Also categorize those expenses into different buckets so that you know which bucket is eating most of your pay check. This record keeping will pave the way for cutting down on un-wanted expenses and pumping up your savings rate.

If you’re not sure where to start when tracking expenses, this article may be able to help.

2. Pay Yourself First

Generally, savings come after all the expenses have been taken care of. This is a classic mistake when setting financial goals. We pay ourselves last!

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Ideally, this should be planned upside down. We should be paying ourselves first and then to the world, i.e. we should be taking out the planned saving amount first and manage all the expenses from the rest.

The best way to actually implement this is to put the savings on automatic mode, i.e. money flowing automatically into different financial instruments (mutual funds, retirement accounts, etc) every month.

Taking the automatic route will help release some control and compel us to manage what’s left, increasing the savings rate.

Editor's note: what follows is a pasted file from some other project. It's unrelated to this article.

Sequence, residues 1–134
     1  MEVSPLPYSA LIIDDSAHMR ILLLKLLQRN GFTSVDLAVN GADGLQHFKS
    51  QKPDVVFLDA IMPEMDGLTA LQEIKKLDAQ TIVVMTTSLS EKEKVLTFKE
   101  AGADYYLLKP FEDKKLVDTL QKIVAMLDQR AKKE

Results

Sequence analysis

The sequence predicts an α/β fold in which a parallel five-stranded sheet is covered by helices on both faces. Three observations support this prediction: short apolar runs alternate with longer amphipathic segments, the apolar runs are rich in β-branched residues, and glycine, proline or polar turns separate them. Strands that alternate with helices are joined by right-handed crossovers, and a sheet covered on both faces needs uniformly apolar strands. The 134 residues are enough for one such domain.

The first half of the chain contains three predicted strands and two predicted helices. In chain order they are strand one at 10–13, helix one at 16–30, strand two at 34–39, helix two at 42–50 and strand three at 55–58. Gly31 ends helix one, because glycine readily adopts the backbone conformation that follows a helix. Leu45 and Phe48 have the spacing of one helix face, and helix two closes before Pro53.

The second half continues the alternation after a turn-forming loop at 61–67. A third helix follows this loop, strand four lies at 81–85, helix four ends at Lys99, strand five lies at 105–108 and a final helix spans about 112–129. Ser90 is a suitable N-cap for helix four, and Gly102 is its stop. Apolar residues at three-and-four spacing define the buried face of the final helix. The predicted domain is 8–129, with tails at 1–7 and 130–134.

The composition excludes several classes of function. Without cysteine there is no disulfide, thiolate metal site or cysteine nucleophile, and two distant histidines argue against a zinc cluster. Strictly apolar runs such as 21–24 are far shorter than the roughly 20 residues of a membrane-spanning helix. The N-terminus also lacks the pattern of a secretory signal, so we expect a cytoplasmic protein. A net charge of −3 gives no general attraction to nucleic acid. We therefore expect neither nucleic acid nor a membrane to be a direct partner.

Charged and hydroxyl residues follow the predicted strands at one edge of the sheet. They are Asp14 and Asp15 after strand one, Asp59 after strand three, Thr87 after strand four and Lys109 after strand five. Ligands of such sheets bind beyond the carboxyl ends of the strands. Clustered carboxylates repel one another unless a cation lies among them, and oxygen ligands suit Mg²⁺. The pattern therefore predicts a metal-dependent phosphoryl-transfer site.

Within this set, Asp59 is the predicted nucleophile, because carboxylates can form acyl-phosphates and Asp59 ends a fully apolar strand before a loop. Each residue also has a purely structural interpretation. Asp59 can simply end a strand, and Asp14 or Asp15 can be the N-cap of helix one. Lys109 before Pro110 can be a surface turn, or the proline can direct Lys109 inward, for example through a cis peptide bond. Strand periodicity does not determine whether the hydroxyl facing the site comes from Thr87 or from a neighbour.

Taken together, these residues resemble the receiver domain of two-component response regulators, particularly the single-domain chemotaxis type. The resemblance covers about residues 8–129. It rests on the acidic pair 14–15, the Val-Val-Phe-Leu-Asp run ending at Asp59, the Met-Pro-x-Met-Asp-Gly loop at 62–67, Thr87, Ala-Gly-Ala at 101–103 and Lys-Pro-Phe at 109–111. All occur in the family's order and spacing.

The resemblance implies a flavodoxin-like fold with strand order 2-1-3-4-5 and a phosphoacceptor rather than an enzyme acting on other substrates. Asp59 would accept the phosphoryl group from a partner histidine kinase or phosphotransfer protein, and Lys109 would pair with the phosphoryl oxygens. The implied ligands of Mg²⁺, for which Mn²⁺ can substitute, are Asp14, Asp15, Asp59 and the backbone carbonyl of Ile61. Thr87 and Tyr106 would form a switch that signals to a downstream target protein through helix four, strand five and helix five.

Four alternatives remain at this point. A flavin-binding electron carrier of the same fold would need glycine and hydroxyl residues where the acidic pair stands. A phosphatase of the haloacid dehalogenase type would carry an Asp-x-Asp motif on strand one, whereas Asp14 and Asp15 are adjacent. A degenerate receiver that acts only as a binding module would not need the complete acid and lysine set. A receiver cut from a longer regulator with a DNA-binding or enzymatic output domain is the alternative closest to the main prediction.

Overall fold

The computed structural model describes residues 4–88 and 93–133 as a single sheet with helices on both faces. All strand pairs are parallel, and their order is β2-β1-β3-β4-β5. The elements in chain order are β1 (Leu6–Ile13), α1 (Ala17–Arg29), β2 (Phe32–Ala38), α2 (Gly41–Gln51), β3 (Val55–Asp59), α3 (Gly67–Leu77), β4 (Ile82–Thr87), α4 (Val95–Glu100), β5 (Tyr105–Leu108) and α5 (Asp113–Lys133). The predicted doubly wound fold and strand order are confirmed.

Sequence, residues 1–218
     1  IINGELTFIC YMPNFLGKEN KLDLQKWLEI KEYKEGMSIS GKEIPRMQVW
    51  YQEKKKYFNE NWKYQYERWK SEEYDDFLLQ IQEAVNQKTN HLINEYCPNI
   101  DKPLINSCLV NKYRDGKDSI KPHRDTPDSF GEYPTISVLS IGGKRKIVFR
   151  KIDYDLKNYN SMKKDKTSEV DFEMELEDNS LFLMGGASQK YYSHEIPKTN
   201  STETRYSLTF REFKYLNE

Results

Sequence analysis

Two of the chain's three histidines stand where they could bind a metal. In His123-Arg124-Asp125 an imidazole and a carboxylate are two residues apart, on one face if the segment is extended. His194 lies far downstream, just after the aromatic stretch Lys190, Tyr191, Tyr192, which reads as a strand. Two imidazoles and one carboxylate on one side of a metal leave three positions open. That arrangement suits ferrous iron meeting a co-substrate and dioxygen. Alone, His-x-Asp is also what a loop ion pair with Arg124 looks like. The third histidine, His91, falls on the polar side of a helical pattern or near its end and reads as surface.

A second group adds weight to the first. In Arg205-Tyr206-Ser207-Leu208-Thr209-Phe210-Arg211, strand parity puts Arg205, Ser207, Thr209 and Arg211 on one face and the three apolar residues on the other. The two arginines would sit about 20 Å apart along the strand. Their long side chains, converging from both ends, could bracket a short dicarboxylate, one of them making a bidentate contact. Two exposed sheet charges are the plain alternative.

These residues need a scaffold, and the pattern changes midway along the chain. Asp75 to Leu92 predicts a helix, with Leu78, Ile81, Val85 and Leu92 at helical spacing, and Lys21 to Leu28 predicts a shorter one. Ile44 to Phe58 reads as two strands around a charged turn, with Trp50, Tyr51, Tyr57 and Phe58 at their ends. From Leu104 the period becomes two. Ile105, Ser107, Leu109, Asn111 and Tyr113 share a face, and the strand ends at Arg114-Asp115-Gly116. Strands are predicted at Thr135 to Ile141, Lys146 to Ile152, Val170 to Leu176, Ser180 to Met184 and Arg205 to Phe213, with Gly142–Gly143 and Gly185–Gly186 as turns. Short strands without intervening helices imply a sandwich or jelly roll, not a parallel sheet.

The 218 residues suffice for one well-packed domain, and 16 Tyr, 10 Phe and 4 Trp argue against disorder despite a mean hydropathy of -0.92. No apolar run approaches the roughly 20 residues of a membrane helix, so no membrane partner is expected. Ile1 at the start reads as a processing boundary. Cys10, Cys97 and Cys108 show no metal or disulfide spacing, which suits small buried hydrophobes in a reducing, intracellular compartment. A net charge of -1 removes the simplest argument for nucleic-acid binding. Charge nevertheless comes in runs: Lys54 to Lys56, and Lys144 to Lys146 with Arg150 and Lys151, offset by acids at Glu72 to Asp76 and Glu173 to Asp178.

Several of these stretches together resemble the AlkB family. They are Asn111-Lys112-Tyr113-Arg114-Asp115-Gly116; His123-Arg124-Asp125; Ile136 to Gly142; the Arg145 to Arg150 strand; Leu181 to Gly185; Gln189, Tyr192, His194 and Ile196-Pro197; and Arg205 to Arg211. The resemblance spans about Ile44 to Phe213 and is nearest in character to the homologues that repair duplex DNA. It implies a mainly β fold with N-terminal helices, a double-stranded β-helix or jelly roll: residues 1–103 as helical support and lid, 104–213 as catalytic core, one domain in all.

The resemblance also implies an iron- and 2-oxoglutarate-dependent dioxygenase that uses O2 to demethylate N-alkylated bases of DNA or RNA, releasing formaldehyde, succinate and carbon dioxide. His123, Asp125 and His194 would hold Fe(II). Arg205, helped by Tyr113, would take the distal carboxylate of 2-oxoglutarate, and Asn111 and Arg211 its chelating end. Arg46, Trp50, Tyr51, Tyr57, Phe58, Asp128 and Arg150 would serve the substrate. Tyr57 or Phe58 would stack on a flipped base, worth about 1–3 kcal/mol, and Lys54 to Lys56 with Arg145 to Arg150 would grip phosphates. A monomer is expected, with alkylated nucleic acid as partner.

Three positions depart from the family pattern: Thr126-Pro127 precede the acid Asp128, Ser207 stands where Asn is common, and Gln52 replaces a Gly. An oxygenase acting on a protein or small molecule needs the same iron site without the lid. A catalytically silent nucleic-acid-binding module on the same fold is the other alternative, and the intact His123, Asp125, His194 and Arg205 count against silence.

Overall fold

3. Make a Plan and Vow to Stick With It

Learning to create a budget is the best way to get around the uncertainty that financial plans always pose. Decide in advance how spending has to be organized

Nowadays, several money management apps can help you do this automatically.

At first, you may not be able to stick to your plans completely, but don’t let that become a reason why you stop budgeting entirely.

Make use of technology solutions you like. Explore options and alternatives that let you make use of the available wallet options, and choose the one that suits you the most. In time, you will get accustomed to making use of these solutions.

You will find that they make it simpler for you to follow your plan, which would have been difficult otherwise.

4. Make Savings a Habit and Not a Goal

In the book Nudge, authors Richard Thaler and Cass Sunstein advocate that, in order to achieve any goal, it should be broken down into habits since habits are more intuitive for people to adapt to.